That fissure was on display in the House Elections Committee this week during consideration of House Bill (HB) 1635 by Rep. Dustin Burrows (R-Lubbock) that’d prohibit party officials from “deny[ing] a person eligible to affiliate with a political party … the ability to affiliate with the political party.”
Laying out HB 1635, Burrows said, “The purpose of this bill is very simple: to ensure that primary voters of the State of Texas are the ones who decide who the nominee is on the ballot.”
“It does not allow a party to go beyond the current statutory reasons to exclude a candidate from the ballot.”
The bill also transfers the supervisory role of primary elections from the county executive committee to the county chair — a position that can be appointed by the respective executive committee in the case of a vacancy. It then ties a state party’s rules to its national party’s.
Burrows said that a committee substitute is being worked on, but was not yet ready at the time of the hearing.
By passing this law, the Legislature would restrict the ability of local parties, specifically the executive committees, to block a prospective candidate from the ballot. The committee left the bill pending, meaning it will come back up at another time for passage.
“While the Senate is busy passing meaningful election integrity reform that will make voter fraud a felony, House leadership has prioritized petty, redundant and unconstitutional legislation designed primarily to attack the Republican Party grassroots,” Republican Party of Texas (RPT) Chair Matt Rinaldi told The Texan in a statement. “If House leadership behaved more like the Senate, it wouldn’t have to be so worried about the Republican grassroots.”
Filed the day before the filing deadline, the bill drew a variety of testimony from proponents and opponents alike.
Former Texas GOP Chair James Dickey testified in favor of Burrows’ bill during the hearing, saying this is an area where the Legislature should step in and set boundaries.
“Ballot access is an appropriate case where the state has a mission in making sure that … a renegade chair [cannot] individually decide what people [may be on the ballot],” Dickey said. He further advised an adjustment to the bill to ensure county parties may still be able to prohibit a legally “inappropriate” candidate from making the ballot.
Another speaker, associated with the Libertarian Party of Texas, opposed the bill and told the committee, “It should not be the state’s responsibility to police what’s going on in the parties and how they select candidates.”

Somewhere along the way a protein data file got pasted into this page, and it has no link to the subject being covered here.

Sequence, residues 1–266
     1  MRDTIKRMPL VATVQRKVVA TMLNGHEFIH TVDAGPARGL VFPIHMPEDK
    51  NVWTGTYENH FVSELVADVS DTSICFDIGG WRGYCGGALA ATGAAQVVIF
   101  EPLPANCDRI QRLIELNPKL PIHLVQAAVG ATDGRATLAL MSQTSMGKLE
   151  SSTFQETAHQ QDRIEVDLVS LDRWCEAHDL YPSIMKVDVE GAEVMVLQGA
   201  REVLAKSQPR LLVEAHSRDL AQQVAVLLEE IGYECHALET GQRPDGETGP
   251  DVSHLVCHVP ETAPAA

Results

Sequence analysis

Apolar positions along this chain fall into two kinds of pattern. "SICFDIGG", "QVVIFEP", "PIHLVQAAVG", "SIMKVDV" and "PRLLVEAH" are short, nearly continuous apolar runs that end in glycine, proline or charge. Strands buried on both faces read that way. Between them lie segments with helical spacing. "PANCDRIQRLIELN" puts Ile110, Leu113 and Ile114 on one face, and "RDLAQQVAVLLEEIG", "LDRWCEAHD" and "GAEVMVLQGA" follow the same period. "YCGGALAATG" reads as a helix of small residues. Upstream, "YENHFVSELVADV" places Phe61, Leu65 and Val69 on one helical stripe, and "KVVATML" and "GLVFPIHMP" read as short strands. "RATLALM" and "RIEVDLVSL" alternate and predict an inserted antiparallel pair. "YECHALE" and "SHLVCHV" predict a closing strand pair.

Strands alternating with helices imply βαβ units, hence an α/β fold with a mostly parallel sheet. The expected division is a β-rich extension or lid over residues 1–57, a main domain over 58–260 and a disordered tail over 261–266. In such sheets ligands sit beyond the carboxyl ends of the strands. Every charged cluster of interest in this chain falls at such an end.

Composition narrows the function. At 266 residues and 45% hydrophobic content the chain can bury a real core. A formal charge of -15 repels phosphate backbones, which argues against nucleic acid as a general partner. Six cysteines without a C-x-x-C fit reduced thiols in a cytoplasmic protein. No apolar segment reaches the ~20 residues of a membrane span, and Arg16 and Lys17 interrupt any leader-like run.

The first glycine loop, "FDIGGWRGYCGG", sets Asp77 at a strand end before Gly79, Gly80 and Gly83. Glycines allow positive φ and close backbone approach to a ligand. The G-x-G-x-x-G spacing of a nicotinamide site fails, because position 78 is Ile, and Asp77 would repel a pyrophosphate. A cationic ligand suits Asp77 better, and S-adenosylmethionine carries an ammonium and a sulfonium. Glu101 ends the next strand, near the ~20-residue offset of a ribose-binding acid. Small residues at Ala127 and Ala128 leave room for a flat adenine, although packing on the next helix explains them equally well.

David Luther, a representative with the Texas Republican County Chairmens’ Association, told the committee, “County chairs have two jobs: to hold the primary and then advocate for our party during the general election. Unfortunately, the Republican Party of Texas has taken the position that our job should be something completely different, and I object to that.”
“The committee chairs that have contacted me consistently have had questions about the idea of them being put in the position of them having to limit ballot access or reject applications for ballots. This is not a fair burden to place on these volunteers across the State of Texas.”
Robert Green, a representative with the Travis County GOP, testified against the bill, saying, “Instead of attacking the RPT as this bill does, legislation should focus on how we can run fraud-free elections.”
“My biggest concern is the primary priority given to this bill. Why is this bill one of the first to be brought up for public comment in our Elections Committee — one that reduces the power of our conservative grassroots and the RPT?”
He then said the committee’s first priority should be to pass the illegal voting felony restoration bill by Rep. Steve Toth (R-The Woodlands).
“The Supreme Court has recognized that when political parties become involved in the state-administered primary election, the state acquires a legitimate interest in regulating the manner in which that election unfolds,” attorney Eric Opiela testified to the committee in support of the bill.
Opiela is a longtime party activist who placed third in the 2014 GOP primary for Agriculture Commissioner. In 2021, he filed an appeal with the Texas GOP to remove one Rick Perry — not the former governor — from the following year’s gubernatorial primary ballot. The appeal was dismissed by Rinaldi.